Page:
COMMIT CLUB IS LIVE ON ETHEREUM MAINNET
The Commit Club Whitepaper
Last updated July 17, 2022
From the Commit Club team.
This Whitepaper will evolve over time.
Table of Contents
“A COMMITMENT DEVICE is a way to lock oneself into following a plan of action that one might not want to do, but which one knows is good for oneself. In other words, a commitment device is a way to give oneself a reward or punishment to make an empty promise stronger and believable.”
Short term, Commit Club is starting out as a straightforward commitment device. Commit to a challenge with ETH. Get your ETH back as you complete your challenge. Fail and forfeit your ETH to everybody successful.
Long term, the Commit Club OPOS (Open Proof of Success) protocol and the Commit Club DAO are intended to become the Web3 era Guinness World Records.
In its most basic form, Commit Club is a vault that can only be unlocked by successfully completing a challenge.
Derived from that, various challenge models and forms of gamification will be supported. From daily challenges to single goal-based ones; from individual challenges to group challenges.
The Commit Club smart contracts will become the most trusted authority on established records. Commit Club and its users will issue NFT achievement badges for both everyday challenges and once-in-a-lifetime records.
To attest correctly whether challenges have been achieved, Commit Club will integrate with external witness authorities. These can be real institutions, apps, juries, settled events from prediction platforms like Augur, and people.
By abstracting witnesses as smart contracts, Commit Club provides an open model for witness participation.
Accountability models that don’t rely on commitment devices
Current accountability models have several flaws:
- Just saying you will do something is not enough for most people.
- Accountability partners need to be kept accountable themselves.
- Accountability partners don’t allow for challenges private to the user.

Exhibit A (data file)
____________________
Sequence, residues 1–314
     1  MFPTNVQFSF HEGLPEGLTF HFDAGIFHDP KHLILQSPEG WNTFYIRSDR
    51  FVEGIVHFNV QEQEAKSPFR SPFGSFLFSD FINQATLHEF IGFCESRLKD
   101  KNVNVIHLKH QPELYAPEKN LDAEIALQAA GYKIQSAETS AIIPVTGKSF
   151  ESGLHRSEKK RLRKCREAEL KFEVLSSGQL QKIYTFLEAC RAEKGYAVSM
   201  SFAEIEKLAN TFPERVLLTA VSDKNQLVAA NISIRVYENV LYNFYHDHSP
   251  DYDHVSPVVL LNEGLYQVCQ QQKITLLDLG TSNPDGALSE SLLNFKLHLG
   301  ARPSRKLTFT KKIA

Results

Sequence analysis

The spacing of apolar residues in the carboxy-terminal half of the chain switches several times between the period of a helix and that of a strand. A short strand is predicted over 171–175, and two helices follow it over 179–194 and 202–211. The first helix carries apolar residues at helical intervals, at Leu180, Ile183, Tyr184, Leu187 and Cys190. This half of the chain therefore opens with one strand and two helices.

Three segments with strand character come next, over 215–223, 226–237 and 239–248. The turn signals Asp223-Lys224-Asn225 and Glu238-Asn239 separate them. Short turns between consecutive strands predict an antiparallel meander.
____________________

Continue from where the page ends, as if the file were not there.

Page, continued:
- Memberships (i.e. a gym) are in annual or monthly payments; the feeling of loss aversion towards not using the membership quickly fades.
By relying on 1. loss aversion, 2. bounties, 3. gamification, and 4. social possibilities, Commit Club provides incentive and motivation to stick with and accomplish anything.
How the Commit Club MVP works
To quickly prototype and iterate basic functionality, Commit Club has been developed as a centralized platform with intent to fully decentralize and ultimately transform into a DAO for the public good.
At the time of writing, gas fees on the Ethereum blockchain are impractical for Commit Club if it was running on smart contracts.
However, numerous Layer2 / zkRollup / sidechain solutions have recently gone live on Ethereum Mainnet, already demonstrating high transaction throughput at lower fees. Commit Club is closely following and evaluating updates to these solutions.
The present implementation is based on an immutable proof of authority transaction system, optimized for rapid evolution and prototyping towards the desired decentralized solution.
Both the backend and frontend integrate with the Ethereum Mainnet via Web3.
Proof of check in
This most basic form of proof creates a public record that is fully authored and validated by the entity creating it.
It doesn’t prove anything beyond an entity “checked in.” It contains a text field that cannot be changed after “checking in”.
The Commit Club MVP uses the honor system. Oracles and accountability partner integrations are quickly planned for nearing iterations.
It is required to put up an ETH stake in order to create a challenge.
A user receives an equal portion of the challenge stake back upon each check in. If a challenge is failed, the user loses the remainder of the stake that has not been earned back.
Staking also allows for the Commit Club Loser Pool.
“Losers pay users” - The Loser Pool
The LOSER POOL aims to incentivize users to have active, long-running challenges on Commit Club.
Failed challenges’ remaining stakes are collected and redistributed among those who have ongoing challenges.
For the MVP, self-witness challenges profit from the following Loser Pool redistribution model: